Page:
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Culture, Literature

OX Reads: Page Turning Science


When the rock god Professor Brian Cox stopped playing the keys and beamed the wonders of understanding the universe into our homes, I was convinced I had an undiscovered talent for particle physics.

I would sit on my sofa while the Doc waxed lyrical, and a little like the opening questions on University Challenge, I was on point. Can I explain the search for the ‘god particle’ to you? I sure can. Can I tip your face to the night sky and point out the constellations of Andromeda and Cassiopeia? Absolutely. The northern constellations are mostly based on Ptolemy’s 48 Greek constellations, while many of the southern ones that were invisible to the Greeks were not created until the 16th century.

I would not say that is where my knowledge ends, but I am certainly more of a bookshop enthusiast than I am a cosmologist, and my dreams of giving lectures at CERN have been shelved. There are, however, some fabulous books out there, and who knows, you might discover your hidden talent for astrophysics or forensic biology.

Seven Brief Lessons on Physics by Carlo Rovelli

This book is the perfect entry-level introduction to mind-bending modern physics. Originally written in Italian by Professor Rovelli, it has been translated into over 50 languages and flies out of my bookshop every day – proof enough that we are all a little bit obsessed with quantum mechanics… maybe my alter ego IS AN ASTROPHYSICIST… my dream lives on. Read this book; I promise you will be impressed, and so will your dinner party guests.

The Universe in a Box: A New Cosmic History by Andrew Pontzen

Or Dark Matter and the Suboptimal Pizza! This is the perfect book for the geek in your life. Professor Andrew Pontzen’s career is based in the world of discovery, and the way super geeks make their discoveries is by simulation and testing their theories. This is the story of our home, the cosmos, through mini-universes inside computers. You will be mind-blown!

The Sanctuary by Andrew Hunter-Murray

If science non-fiction is not your vibe, then how about some science fiction, The Sanctuary trips all the wires and ticks all the boxes; it will suck you into Paradise, and just when you want to leave, it will slam the door in your face. The Sanctuary is the perfect balance of gripping and unsettling.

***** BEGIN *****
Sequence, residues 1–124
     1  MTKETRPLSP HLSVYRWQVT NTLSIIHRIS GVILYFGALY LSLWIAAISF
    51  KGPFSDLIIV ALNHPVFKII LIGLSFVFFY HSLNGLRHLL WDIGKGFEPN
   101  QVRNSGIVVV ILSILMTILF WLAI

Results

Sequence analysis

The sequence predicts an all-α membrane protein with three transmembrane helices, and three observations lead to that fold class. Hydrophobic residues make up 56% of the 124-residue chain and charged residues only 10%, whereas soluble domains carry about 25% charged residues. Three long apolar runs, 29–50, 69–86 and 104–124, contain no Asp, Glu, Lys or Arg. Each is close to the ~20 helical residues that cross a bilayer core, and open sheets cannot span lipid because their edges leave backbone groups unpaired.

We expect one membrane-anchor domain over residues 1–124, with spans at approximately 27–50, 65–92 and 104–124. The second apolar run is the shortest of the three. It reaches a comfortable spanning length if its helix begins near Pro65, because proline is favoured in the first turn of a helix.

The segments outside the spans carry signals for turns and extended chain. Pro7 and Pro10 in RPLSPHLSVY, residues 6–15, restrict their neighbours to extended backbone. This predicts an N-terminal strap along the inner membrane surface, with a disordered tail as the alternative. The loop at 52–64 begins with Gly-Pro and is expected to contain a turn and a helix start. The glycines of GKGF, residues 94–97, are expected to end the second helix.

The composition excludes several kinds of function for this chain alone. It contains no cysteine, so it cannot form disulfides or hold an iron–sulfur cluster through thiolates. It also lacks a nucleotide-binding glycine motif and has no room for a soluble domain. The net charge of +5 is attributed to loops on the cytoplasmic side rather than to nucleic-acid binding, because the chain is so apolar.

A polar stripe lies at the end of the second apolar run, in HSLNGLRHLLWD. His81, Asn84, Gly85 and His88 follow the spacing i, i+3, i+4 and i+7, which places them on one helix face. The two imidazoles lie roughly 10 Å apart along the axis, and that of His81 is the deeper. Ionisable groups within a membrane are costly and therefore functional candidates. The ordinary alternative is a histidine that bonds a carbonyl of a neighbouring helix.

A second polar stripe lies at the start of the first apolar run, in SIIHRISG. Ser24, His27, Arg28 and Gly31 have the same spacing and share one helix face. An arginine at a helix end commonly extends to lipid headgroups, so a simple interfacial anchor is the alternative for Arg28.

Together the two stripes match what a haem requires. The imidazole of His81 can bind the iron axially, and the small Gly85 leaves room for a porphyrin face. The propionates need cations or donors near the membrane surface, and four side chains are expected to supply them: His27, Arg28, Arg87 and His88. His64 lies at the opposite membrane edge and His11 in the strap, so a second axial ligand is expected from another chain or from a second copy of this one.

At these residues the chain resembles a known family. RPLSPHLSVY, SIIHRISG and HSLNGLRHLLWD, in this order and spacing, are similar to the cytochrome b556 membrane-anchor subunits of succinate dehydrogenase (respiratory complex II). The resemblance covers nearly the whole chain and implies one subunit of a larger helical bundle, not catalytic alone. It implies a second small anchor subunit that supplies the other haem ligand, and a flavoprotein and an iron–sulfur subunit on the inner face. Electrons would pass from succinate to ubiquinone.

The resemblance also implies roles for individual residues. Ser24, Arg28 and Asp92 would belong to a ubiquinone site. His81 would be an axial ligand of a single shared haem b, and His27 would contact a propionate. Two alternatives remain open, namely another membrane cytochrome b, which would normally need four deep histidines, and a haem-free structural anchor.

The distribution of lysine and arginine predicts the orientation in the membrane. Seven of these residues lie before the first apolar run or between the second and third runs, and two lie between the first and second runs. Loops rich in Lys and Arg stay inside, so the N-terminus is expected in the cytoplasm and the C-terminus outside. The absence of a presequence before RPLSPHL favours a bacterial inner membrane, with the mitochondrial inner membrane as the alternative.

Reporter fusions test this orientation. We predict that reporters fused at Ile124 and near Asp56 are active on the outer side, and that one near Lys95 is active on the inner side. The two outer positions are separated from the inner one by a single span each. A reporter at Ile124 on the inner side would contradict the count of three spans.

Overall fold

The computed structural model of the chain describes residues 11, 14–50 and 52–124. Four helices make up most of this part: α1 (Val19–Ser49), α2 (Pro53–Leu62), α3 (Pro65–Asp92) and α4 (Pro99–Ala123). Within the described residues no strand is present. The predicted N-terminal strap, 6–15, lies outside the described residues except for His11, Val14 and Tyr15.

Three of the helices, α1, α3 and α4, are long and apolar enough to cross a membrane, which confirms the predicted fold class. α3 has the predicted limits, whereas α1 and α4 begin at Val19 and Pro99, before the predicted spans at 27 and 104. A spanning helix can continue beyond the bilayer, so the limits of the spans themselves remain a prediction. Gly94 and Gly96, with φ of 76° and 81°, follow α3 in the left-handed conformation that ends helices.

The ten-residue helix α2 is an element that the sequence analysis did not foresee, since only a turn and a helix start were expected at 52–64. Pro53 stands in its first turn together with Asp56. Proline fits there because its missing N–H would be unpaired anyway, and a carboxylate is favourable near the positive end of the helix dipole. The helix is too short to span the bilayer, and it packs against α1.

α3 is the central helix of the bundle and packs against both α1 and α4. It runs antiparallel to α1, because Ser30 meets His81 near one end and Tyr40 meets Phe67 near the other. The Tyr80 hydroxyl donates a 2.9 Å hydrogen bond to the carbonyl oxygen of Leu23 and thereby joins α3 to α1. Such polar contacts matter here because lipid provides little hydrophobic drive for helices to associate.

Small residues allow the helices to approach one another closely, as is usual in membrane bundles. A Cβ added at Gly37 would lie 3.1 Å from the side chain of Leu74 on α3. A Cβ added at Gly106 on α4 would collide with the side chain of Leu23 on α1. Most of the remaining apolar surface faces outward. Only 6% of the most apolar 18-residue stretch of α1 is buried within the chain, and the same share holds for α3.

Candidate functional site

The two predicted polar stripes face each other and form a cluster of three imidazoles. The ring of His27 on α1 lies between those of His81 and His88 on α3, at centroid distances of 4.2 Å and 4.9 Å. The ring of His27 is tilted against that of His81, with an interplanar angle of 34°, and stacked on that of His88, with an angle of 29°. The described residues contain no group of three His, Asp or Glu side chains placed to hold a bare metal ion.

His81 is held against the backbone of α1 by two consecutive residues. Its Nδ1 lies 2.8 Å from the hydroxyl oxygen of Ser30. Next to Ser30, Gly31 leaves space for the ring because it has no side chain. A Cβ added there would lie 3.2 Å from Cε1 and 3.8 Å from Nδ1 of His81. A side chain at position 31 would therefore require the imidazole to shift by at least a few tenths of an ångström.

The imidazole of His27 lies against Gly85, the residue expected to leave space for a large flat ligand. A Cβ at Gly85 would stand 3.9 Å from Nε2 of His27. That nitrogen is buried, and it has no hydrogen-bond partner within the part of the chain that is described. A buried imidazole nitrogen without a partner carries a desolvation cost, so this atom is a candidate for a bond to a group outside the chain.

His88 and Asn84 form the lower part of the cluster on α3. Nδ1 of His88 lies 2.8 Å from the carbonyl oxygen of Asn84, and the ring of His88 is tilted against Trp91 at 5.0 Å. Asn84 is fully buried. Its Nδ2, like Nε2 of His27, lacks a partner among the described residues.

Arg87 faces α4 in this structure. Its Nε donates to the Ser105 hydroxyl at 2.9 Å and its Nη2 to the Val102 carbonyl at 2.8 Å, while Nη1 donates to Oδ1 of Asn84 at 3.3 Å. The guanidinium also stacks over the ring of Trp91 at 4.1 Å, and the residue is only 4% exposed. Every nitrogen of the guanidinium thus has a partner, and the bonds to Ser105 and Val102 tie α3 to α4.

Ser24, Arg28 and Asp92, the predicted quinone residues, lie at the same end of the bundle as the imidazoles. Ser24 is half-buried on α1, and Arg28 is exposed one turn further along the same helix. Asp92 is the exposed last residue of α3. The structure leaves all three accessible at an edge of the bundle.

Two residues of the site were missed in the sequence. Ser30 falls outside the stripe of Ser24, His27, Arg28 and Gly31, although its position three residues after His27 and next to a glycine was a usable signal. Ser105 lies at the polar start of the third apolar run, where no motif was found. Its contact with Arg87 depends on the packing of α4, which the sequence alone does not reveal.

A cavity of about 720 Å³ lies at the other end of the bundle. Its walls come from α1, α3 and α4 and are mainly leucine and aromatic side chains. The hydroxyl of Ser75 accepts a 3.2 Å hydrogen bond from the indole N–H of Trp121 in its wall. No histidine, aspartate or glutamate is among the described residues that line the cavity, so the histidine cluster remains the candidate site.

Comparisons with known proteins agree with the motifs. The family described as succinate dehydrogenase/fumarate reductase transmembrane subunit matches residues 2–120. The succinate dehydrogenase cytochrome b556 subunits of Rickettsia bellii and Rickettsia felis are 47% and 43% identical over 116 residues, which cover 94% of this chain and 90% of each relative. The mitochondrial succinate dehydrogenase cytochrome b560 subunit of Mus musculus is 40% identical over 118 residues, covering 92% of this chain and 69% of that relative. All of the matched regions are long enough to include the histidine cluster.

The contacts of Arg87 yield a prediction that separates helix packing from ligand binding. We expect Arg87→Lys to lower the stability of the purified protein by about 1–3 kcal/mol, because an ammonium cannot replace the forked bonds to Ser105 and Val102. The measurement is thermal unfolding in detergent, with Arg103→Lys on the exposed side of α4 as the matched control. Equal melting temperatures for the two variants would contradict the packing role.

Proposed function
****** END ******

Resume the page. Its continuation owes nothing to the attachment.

Traces by Patricia Wiltshire

For those who channel their favourite CSI character, this is the book for you. Patricia Wiltshire is a professor in forensic ecology, botany, and palynology, and for those of you planning to hide a body, you should know that palynology is the study of pollen and spores, and everybody leaves a trace. While Professor Wiltshire is certainly detached from death and treats the corpses that cross her path as repositories of evidence, she treats each body with the respect it deserves as a once-walking loved one. This is a journey to the Edgeland where nature and crime are intertwined, on a search for bodies from ditches to living rooms. And if you think this will be a book of botany, think again – you will be treated to detailed descriptions, including the removal of the whole face of a corpse, handling it to wash plant material from the scalp, after which it is neatly fitted back over the skull. Who knew?

This book is an honest account of how a woman from Wales with a difficult childhood took her successful career in environmental archaeology and, after an unexpected call from the police asking for her help, fell headlong into a new career in her fifties, bringing ground-breaking and pioneering contributions to the world of forensic science. This book will blow your CSI mind.

Biology: The Whole Story by Lindsay Turnbull

Judge this book by its cover; it is stunning in its detail, beautifully illustrated, and will look splendid on your coffee table, but it is so much more than that. It is the story of life on Earth; it explains the mystery of biology and how it has shaped the very history of our planet and all living things. Be curious, feed your mind, and allow yourself to get lost in the fizz of knowledge.

Lindsay Turnbull is a professor of plant ecology and a Tutorial Fellow at Oxford University. She also has a history of teaching in secondary education, and her passion and joy for her subject shine from every page of this, her first book.


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